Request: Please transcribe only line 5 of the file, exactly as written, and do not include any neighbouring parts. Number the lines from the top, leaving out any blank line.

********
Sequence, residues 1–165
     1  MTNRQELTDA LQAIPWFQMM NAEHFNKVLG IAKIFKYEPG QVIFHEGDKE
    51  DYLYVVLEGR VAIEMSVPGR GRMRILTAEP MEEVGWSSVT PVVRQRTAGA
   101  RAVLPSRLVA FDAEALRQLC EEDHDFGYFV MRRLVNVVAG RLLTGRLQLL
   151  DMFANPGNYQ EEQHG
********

   151  DMFANPGNYQ EEQHG